Yellen: More than 2 years until full employment reached

The three big questions for the FOMC, says Janet Yellen are 1) Is there still significant slack in the labor market 2) Is inflation moving back toward 2% 3) What factors may push the recovery off track?

Full speech

As for labor, the Fed's baseline projection is more than another two years until full employment (defined as headline UE of 5.2-5.6%) is reached. She notes wage pressures are a good signal of a tightening labor market and signs of acceleration are difficult to find.

Addressing the FOMC's dropping of guidance being steered by the headline UE rate, Yellen says it may have changed, but the goal of guidance - that the FOMC will maintain ZIRP for some time - hasn't. "Decisions about liftoff (in the Fed Funds rate) should not be based on any one indicator, but that it will take into account a wide range of information on the labor market, inflation, and financial developments."

Comments (11)
  • wyostocks
    , contributor
    Comments (9119) | Send Message
    But they'll continue their stupid policies forever.


    What that definition of stupidity again?
    16 Apr 2014, 12:43 PM Reply Like
  • tom_t
    , contributor
    Comments (323) | Send Message
    Hey, if another million people permanently drop out of the labor force, we could be at "full employment" before you know it.
    16 Apr 2014, 12:49 PM Reply Like
  • bbro
    , contributor
    Comments (11240) | Send Message
    Follow the deposits to loans ratio
    16 Apr 2014, 12:50 PM Reply Like
  • fuzzymc
    , contributor
    Comments (198) | Send Message
    Full employment is ancient history and not to be repeated anytime soon!!
    16 Apr 2014, 01:00 PM Reply Like
  • Captain Pike
    , contributor
    Comments (890) | Send Message
    Tom_T and fuzzy got it right. It would take a lot longer than 2 years, even at a real good clip 250K+/month, to get to REAL full employment as so many millions have dropped out.


    Their current policy is good under the new economic realities, but would end sooner by way of shrinking deficits if we just had a real prez and speaker!
    16 Apr 2014, 01:52 PM Reply Like
  • James Bjorkman
    , contributor
    Comments (2778) | Send Message
    They are stuck - they dread inflation because it will make the deficit skyrocket. So, they continue the same failed policies that have the economy limping along for the last five years. A bold move would be to allow interest rates to rise, their terror about inflation is strangling the economy.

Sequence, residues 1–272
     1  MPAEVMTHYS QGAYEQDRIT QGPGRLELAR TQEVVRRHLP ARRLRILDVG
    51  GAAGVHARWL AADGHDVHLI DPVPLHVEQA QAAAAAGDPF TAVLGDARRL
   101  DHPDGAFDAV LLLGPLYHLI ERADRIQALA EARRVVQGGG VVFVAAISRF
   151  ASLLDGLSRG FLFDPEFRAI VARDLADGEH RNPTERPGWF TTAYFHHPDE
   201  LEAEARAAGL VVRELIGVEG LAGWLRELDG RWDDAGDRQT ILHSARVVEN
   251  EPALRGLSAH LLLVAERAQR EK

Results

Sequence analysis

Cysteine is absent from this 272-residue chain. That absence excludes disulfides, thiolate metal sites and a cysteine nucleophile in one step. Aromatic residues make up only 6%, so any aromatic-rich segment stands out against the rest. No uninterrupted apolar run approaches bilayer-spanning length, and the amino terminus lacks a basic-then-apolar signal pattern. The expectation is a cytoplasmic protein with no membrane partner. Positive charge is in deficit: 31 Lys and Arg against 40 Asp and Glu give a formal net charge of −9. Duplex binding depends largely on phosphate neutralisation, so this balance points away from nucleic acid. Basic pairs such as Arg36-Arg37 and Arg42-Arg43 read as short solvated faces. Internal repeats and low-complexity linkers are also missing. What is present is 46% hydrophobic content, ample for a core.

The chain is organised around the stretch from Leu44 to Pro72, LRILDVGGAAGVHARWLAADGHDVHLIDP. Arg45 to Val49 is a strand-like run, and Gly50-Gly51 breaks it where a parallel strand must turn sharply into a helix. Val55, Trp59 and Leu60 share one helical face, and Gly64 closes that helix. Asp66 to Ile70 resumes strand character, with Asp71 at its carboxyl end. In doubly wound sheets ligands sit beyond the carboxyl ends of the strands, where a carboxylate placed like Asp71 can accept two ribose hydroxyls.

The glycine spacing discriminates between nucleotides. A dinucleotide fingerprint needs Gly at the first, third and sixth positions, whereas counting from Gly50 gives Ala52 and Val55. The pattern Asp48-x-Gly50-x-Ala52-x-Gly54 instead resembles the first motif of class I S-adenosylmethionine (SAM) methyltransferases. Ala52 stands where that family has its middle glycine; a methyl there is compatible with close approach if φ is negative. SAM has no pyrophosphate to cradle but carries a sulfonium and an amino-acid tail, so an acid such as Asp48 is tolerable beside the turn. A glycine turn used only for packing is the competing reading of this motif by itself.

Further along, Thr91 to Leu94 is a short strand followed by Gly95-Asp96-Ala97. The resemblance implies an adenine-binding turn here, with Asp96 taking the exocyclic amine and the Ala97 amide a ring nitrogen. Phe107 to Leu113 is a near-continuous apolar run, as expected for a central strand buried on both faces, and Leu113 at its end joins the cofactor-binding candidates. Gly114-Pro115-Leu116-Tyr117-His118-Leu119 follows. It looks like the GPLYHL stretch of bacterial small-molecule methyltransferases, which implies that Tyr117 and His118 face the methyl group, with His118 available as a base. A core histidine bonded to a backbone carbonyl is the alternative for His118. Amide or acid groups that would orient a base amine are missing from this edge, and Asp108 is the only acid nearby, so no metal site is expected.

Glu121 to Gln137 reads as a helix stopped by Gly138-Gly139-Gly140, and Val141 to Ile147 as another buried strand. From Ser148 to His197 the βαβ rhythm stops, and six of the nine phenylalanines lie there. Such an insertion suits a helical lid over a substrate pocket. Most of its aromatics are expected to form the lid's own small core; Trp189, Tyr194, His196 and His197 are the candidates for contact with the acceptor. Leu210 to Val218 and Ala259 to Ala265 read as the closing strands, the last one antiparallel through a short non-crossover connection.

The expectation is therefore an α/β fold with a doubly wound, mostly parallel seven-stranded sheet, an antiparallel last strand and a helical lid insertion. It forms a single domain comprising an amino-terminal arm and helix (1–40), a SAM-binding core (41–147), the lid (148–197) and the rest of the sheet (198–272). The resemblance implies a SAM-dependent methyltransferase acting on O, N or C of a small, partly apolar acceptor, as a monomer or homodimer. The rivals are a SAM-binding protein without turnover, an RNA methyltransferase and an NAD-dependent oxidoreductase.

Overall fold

16 Apr 2014, 02:05 PM Reply Like
  • Captain Pike
    , contributor
    Comments (890) | Send Message
    Wow Dude,


    were did you learn that. If "they dreaded inflation", they would raise rates. BUT there is NO inflation, because energy is stable and plentiful. Rising interest rates kill inflation because they kill economic activity. It's adding a cost to the system. Business activity slows as a result. The economy does not need to be slowed.


    You have it arse backwards. It would not be bold it would be stoopid in the extreme.
    16 Apr 2014, 10:54 PM Reply Like
  • mobyss
    , contributor
    Comments (2653) | Send Message
    Whatever. In two years she'll be saying that full employment is just another year or two away, and then she'll do the same things (for seven years at that point) that haven't worked up until now.


    "Yellen says it may have changed, but the goal of guidance - that the FOMC will maintain ZIRP for some time - hasn't"


    They'll ZIRP for 20 years, just like Japan. Heck, we're already almost a third of the way there.
    16 Apr 2014, 02:18 PM Reply Like
  • minecanary
    , contributor
    Comments (1413) | Send Message
    As long as politicians get large sums of dough from the banks, and the banks run the FED, the rest of us can just bend over and say thank you.
    16 Apr 2014, 03:25 PM Reply Like
  • Guardian3981
    , contributor
    Comments (2544) | Send Message
    Minimum wage hikes should not even be discussed until the unemployment also reaches full...
    16 Apr 2014, 04:05 PM Reply Like
  • mandydrew
    , contributor
    Comments (193) | Send Message
    In order for there to be full employment, the amount of existing employee churn must be massive caused by vastly increasing wages (high inflation). Employers would then compromise their wish to have experienced staff and be ready to employ inexperienced staff at a lower rate and provide the necessary training. High inflation might be a phenomenon in emerging markets. The very policy of preventing a natural corrective deflation in developing markets and having a controlled level of inflation around 2% prevents the economic dynamism ("creative destruction") for full employment in developed markets. So dream on.
    16 Apr 2014, 10:32 PM Reply Like
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